Last fall, I resigned from my job without another position lined up. I’d completed a major project and felt good about closing this chapter, but also wasn’t really happy with the way my role was shaping up after many re-orgs, didn’t feel like I fit in with the broader culture of the office, had concerns about my supervisor’s integrity, and (the final straw) had some family medical issues come up. This wasn’t a role I wanted to return to after time off, so I’ve used the break to spend time with family and recalibrate what I want in my next position. I left the office on good terms and am still in touch with people from the office.

Now that I’m interviewing, either as part of “tell me about yourself” or elsewhere in responding to questions, I’ve raised this work gap myself. I typically say something like, “I made the decision to leave Organization due to timing: I’d finished setting the groundwork for Project, and some family medical issues arose. I’ve been lucky that I’ve been able to spend some time thinking about what I’d like in my next position,” and then explain how this role meets those needs. At least once the interviewer appeared surprised when I said this.

However, now I’m wondering: Should I not bring up that I left my last job? Should I wait for them to ask about it? It’s very clear on my resume that the job ended in November 2023. Part of me feels like I’m being proactive so the interviewer can’t assume I was fired or let go if I own the story myself. Am I hurting myself?

I don’t see why that would be hurting you; that’s a pretty unremarkable thing to bring up. That said, I think the responses you’ve seen might be that you’re offering more information than they’re looking for. They don’t need to hear about family medical issues unless it’s directly relevant (like in response to “why did you leave your last job?”). Combining it with “I’ve been lucky that I’ve been able to spend some time thinking about what I’d like in my next position” might sound … not defensive, exactly, but like you’re anticipating a concern and trying to address it before they’ve even brought it up. Which you are! And that’s fine, and potentially even smart to do, but if you notice people reacting to it, that’s probably why. I also wonder if it sounds slightly overly polished/rehearsed, which will make people wonder if there’s something underneath it that you’re uneasy about.

However, did this happen with only one interviewer or multiple interviewers? If it was only once, I wouldn’t read much into it at all. In that case, you could try experimenting with not raising any of that on your own (but still using it if you need to in response to a direct question) and see if the conversation goes more smoothly, but I wouldn’t worry much about it at all.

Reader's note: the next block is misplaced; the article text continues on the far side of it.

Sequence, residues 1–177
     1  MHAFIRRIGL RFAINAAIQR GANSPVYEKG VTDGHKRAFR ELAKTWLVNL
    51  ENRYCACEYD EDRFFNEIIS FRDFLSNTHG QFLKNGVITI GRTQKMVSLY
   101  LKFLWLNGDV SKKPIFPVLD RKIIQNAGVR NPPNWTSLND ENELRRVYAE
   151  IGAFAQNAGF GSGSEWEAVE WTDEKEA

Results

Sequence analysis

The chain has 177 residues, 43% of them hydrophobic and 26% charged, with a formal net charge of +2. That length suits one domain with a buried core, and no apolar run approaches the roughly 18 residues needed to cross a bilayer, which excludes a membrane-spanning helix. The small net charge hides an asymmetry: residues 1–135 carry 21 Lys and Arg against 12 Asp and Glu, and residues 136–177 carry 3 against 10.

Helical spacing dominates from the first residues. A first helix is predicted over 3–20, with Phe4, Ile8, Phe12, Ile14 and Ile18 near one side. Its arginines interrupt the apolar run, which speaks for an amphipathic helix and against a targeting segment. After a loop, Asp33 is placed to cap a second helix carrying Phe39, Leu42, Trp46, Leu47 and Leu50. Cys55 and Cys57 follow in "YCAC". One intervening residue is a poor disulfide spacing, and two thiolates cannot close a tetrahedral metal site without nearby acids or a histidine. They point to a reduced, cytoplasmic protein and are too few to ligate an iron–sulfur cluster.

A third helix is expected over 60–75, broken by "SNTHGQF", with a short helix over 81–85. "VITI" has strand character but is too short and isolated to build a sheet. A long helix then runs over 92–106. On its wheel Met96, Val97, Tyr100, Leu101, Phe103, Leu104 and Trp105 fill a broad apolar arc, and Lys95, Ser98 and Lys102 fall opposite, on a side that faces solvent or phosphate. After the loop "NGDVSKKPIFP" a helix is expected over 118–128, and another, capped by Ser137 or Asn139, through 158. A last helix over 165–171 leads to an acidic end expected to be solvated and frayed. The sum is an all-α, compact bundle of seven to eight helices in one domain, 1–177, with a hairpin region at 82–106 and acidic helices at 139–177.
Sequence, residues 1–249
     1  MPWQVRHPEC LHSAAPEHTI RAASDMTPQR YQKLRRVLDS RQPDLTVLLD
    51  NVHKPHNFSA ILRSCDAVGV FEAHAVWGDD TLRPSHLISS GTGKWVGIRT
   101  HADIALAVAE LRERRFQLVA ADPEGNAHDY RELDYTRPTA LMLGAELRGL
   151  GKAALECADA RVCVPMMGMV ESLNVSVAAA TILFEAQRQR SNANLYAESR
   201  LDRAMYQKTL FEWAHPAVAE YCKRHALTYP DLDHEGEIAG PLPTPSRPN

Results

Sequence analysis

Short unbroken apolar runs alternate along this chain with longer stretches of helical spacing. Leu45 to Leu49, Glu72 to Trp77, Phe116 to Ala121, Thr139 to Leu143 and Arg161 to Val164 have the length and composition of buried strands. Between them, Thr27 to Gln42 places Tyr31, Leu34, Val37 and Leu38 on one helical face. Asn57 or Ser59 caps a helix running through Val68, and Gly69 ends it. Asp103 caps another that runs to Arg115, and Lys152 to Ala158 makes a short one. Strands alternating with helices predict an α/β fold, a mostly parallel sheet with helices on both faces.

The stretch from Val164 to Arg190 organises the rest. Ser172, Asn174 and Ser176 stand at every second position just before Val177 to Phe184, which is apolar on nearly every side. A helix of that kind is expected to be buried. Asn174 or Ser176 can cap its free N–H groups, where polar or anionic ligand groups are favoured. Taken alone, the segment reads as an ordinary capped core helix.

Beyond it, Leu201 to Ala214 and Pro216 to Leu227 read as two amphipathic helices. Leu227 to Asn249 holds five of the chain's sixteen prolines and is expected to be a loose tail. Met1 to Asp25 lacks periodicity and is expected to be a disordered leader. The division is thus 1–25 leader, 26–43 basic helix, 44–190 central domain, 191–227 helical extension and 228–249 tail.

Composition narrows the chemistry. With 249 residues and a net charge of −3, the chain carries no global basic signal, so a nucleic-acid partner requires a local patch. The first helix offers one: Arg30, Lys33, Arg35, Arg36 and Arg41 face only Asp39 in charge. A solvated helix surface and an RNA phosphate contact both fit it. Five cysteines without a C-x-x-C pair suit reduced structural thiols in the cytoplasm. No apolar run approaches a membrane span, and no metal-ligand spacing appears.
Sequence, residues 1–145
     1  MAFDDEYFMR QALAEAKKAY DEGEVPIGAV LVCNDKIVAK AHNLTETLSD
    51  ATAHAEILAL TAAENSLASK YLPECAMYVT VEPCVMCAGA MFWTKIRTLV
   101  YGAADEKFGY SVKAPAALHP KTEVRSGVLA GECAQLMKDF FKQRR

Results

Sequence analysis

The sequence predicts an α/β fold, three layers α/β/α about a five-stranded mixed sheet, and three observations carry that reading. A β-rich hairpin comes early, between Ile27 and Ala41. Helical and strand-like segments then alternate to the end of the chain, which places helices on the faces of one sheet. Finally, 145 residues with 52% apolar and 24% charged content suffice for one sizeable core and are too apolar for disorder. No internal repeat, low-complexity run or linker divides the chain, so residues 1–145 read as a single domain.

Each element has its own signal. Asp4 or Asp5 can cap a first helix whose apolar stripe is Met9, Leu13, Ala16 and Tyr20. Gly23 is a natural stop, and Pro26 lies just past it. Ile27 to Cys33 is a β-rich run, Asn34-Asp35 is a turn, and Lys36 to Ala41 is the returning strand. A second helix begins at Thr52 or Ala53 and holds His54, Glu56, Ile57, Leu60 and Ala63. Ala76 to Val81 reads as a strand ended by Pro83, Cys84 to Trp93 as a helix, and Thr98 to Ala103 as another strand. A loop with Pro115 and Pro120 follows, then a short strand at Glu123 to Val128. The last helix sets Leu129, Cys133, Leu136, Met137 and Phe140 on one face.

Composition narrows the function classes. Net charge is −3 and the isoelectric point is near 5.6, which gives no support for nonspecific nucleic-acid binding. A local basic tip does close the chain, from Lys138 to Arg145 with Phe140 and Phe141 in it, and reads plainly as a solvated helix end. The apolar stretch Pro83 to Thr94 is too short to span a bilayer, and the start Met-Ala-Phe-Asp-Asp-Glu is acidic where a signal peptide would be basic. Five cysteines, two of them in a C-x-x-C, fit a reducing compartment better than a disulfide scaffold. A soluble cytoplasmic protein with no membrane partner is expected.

5. Inconvenient internal interview location

I was just offered an internal interview for a job I know I want due to the exposure to the business and the executives. Multiple reliable people have told me I’m a great fit for it and it would be a good move for my career. I preface with that because it’s the only reason I didn’t bail on the interview, given the red flags I’m seeing.

The hiring manager asked to meet in person at an office that is two hours away from the local office where this position will report. No one interviewing for this position will live far from the local office because of the nature of the work (it is a requirement that we be able to commute within X time), so they should know what they’re asking. It would be perfectly reasonable for a candidate to be three hours from the office they are suggesting plus tolls and heavy traffic. The nature of the position means I would rarely be expected to visit other offices. The hiring manager is regularly in the local office for meetings.

I wrote back and asked to meet at the main office, which is about an hour for each of us, or on another day where my business takes me closer.

I confirmed with people who know the hiring manager that this is not thoughtlessness. It’s at best laziness, as that is the office closest to his home. At worst, it’s test to see if I’ll do what I’m asked.

I’m at the point in my career where interviews are as much about me interviewing my potential manager as it is for them to interview me. However, I’d like your opinion on the pushback I gave. Is it alright, especially internally, to negotiate the interview location, especially given how ridiculous of an ask they were making? Would your advice change based on the level of seniority of the interviewee? I would say the hiring manager is technically one rung above me in company hierarchy. If they were a VP I would not likely have pushed back, which is why I ask.

Obviously, red flags are everywhere (they have gone through three people in the last six months in this position) so I am approaching this very cautiously. However, I’m not looking for advice on if I should take the job itself.

Nope, you’re fine. The answer might be no, it needs to be at the local office, but it’s not unreasonable to ask and see what they say.